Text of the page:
Although these symptoms may seem common for children who may not have had a good night’s rest or for those going through puberty, that’s not always the case. These symptoms should be taken seriously, and if you notice these in your child for a prolonged period of time, you should discuss a glycated hemoglobin (A1C) test with your doctor. An A1C test will determine your child’s average blood glucose level over the past 3 months. If your child’s A1C level is 6.5 or over, if could mean that they have Type 1 diabetes.


Diagnosis

As a parent, your child’s Type 1 diabetes diagnosis can be earth shattering for both you and your child. So many thoughts can go through a parent’s head; why does it have to be my child? How is my child going to live with this? How am I going to be able to give my child everything they need now that they have this condition?

Every parent and child will go through this journey in their own way, but it is important to know that Type 1 diabetes is a disease that can be managed, and proper management will allow your child to live a healthy life. As for the questions, you have as a parent, we would like to help by providing you with a few answers.


Why does my child have to be diagnosed with Type  1 diabetes? Where does Type 1 diabetes come from? What could wehave done as parents to prevent it?

Type 1 diabetes is not a preventable disease. It is a mixture of genes and environment. Although scientists do not know the exact cause of Type 1 diabetes , they do know that genes and environment play a role . They have figured out that individuals who have a certain type of HLA complex (human leukocyte antigen on chromosome 6) may be susceptible to Type 1 diabetes. This complex can create an autoimmune disorder that is triggered by a viral infection.

Simply put, when your body tries to fight the viral infection, it may also attack beta cells in your pancreas—cells that make insulin. This process usually takes several years before symptoms develop. The right combination of genes (HLA complex) and environment (exposure to a viral infection) can contribute to the onset of type 1 diabetes.


How is my child going to live with this condition?

Diabetes will be a day-to-day change in you and your child’s life. Your child will require insulin injections. You might even be required to administer insulin injections for your child depending on recommendations from the doctor. You will also want to revaluate the lifestyle that you and your child live. Focus primarily on the diet and exercise your child gets. And remember to stay on top of these few daily tasks you will need to complete:

  • Administering insulin
  • Monitoring blood glucose
  • Making sure that your child is eating a healthy, balanced diet with diabetic guidelines (incorporating things like carb counting can help to manage blood glucose levels)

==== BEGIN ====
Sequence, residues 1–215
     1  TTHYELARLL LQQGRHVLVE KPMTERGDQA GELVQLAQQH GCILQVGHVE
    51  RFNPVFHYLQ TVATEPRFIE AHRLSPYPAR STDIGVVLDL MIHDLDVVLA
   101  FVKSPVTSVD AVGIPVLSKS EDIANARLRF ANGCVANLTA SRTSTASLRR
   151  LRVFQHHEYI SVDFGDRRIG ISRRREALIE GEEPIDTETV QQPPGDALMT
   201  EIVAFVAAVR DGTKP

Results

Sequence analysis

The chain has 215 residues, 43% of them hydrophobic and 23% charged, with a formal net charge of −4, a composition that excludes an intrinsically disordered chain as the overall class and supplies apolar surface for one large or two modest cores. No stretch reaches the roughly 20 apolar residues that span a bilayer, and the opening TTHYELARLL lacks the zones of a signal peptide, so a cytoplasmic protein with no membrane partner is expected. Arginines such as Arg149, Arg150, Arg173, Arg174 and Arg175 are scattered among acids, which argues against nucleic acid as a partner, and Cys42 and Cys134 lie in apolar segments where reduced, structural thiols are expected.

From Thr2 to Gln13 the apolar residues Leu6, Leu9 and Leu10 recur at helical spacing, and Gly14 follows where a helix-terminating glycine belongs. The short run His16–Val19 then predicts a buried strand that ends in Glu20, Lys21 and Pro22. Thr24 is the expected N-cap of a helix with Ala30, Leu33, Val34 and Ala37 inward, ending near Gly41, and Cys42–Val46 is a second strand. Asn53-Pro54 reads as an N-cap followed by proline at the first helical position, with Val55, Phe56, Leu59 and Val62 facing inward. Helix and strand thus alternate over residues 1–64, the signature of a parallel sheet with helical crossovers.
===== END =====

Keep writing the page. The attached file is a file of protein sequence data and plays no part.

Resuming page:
• Ensuring that your child is getting exercise on a daily basis (involving them in two sports can mean practice up to four days per week and games on weekends)

Although it may not happen everyday, your child will go through highs and lows with their diabetes. Both diabetic highs and lows are serious and can be life threatening

Symptoms of a diabetic high and low are:

  • Tiredness
  • Irritability
  • Blurry vision

Symptoms of a diabetic low also include:

  • Headaches
  • Excessive sweating
  • Paleness
  • Shaking

You and your child’s first encounter with can be frightening. If you prepare yourself to know that symptoms and you are able to react accordingly, you can make your child feel safer in the earlier stages of this condition.


How am I going to be able to provide everything my child with everything they need to take this condition on?

The biggest change a parent can have on their child’s life is setting a great example. Your child relies on you and looks up to you. As a parent you should eat healthy, exercise, and take on proper responsibility for your own health. Your own accountability will benefit your child in the short-term and long-term. Additional support from friends and family will also help your child manage emotional and physical effects of the diabetes diagnosis. You may also consider joining a diabetes support group or participating in a run to fund diabetes research.

Advice from the following people can help ease the stress of your child’s diabetes:

  • An endocrinologist
  • A pharmacist
  • A nurse
  • A certified diabetes educator
  •  A registered dietitian
  •  An eye doctor
  • A dentist
  • A community of those who have children with Type 1 diabetes

As a parent, the best thing you can do for your child is simply to be there for them. Communicate with your child in a way that is supportive and will help to boost their self-esteem. Allowing your child to be open and honest with you will make treating diabetes that much easier.

No parent wants to see their children suffer. Remember that diabetes was not something that your child was marked for, and it isn’t your fault as a parent. As a family, you can work through this disease together, and put your child down a path of success.

By Alyssa Grams 10 Jul, 2017

Article by Breanna Mroczek. Photography by Darren Greenwood Photography.